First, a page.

How Aging Affects Sleep

How Aging Affects Sleep

Elderly woan ssuffering from insomnia
Attaining a full-night’s sleep can become more elusive as we age.

In a related post, I mentioned that as adults get older, it doesn’t mean they need any less sleep than younger adults. Consider that in the older age range, you’re already facing an uphill battle. Once you’ve reached your late 40s, you’ve been robbed of 60 to 70 percent of the deep (NREM, or non-rapid eye movement) sleep you enjoyed as a teenager. This comes from Matthew Walker, PhD., director of the Center for Human Sleep Science and author of the book Why We Sleep. By the time you’ve reached your 70s and 80s, you’ve lost 80 to 90 percent of your much-needed deep sleep. 

Your sleep efficiency (defined as the percentage of time you are asleep when in bed) is 70 to 80 percent by the time you reach your 80s. This is below the 90 percent or higher considered to be “good.”

Insomnia’s Keeping you From the Shut-Eye You Crave

Many adults find that as they age, it takes longer to fall asleep (referred to as sleep latency). They also suffer from waking up multiple times during the night (which is sleep fragmentation). In plain terms, they likely have insomnia, which is more prevalent among older adults than those who are younger. One study found that 48 percent of older adults surveyed experience one or more symptoms of insomnia at least a few nights per week. Insomnia may be chronic (lasting more than one month) or acute (lasting a few days or weeks) and often is related to an underlying cause such as medical or psychiatric condition.*

Melatonin and Your Circadian Rhythm

A key issue in the altered sleep patterns is the change in older adults’ circadian rhythm, or the internal process that regulates one’s sleep-wake cycle over a 24-hour period. As we age, our bodies tend to produce less of the hormone melatonin, and release it earlier than when we were younger. This causes us to go to sleep earlier. That doesn’t necessarily mean we sleep less, we fall asleep earlier in the evening — and then wake up earlier in the morning. This can be disheartening for those who have lived their lives as night owls. Even though I’ve been a morning person all my life, that doesn’t mean I enjoy waking up at 4 a.m. Who really needs more fatigue in their life?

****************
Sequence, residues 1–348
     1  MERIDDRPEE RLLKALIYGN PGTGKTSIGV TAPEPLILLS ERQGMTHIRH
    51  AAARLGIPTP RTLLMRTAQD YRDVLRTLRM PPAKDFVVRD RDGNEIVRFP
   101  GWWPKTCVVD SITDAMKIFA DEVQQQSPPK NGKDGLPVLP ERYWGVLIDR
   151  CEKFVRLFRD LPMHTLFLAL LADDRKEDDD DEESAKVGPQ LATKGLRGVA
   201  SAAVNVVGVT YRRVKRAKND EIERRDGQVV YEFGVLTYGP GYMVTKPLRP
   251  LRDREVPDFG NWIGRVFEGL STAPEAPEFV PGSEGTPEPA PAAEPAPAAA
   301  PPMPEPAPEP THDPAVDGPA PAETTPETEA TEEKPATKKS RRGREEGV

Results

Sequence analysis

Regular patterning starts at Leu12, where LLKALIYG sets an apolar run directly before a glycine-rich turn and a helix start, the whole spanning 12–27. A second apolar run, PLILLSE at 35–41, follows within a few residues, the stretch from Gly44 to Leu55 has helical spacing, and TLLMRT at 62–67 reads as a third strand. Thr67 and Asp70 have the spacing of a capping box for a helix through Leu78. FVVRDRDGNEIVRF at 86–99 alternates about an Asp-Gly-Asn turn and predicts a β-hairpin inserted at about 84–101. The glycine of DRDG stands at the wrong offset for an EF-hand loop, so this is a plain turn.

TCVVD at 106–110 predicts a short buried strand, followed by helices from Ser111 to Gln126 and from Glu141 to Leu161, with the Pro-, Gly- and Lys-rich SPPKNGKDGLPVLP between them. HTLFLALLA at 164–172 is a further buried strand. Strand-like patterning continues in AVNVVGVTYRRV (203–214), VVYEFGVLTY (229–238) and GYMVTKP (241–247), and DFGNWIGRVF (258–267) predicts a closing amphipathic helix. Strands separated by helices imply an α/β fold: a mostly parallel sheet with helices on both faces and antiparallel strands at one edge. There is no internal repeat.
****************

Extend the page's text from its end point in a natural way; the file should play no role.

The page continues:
Will Napping Hurt Your Sleep?

Do you enjoy a nap here or there if you’re tired? That may not be a problem. But if you rely on a nap getting you through each and every day, you may be setting yourself up for a shorter sleep cycle at night. Especially if you nap after 3 p.m.  According to the Mayo Clinic, older adults should keep naps to 10-20 minutes. Any longer can make you feel groggy when you do wake up. So give yourself time to actually become alert before undertaking any physical activity requiring coordination or quick responses. Also, if you sleep too much during the day, you may not be tired enough to sleep through the night.  

How Exercise Affects Sleep

No news alert here: With a few exceptions, exercise is good for you! But how does it affect your sleep? In one study, researchers found that long-term moderate aerobic exercise evoked significant improvements in sleep. It also improved mood and quality of life in those with chronic insomnia not caused by other medical or psychiatric disorders.** Keep in mind, the study involved moderate exercise. The effects didn’t vary between exercising in the morning or late afternoon. The problem is, as people get older, they often  become more sedentary. When I go to my doctor for a check-up and share my sleep issues, the first question she always asks is, “Have you been exercising?” She’s on to something.

Other Factors That Affect Sleep in the Elderly

This is, by no means, an exhaustive list of obstacles to attaining the perfect amount of shut-eye. But I hope it gave you a few insights into some of the key points. Whatever you do, remember to keep your healthcare provider in the loop on your health issues — including sleep deficits. 

*National Sleep Foundation 2003 Sleep in America poll

**Effects of Moderate Aerobic Exercise Training on Chronic Primary Insomnia

This content reflects information from various individuals and organizations and may offer alternative or opposing points of view. It should not be used for medical advice, diagnosis or treatment. As always, you should consult with your healthcare provider about your specific health needs.

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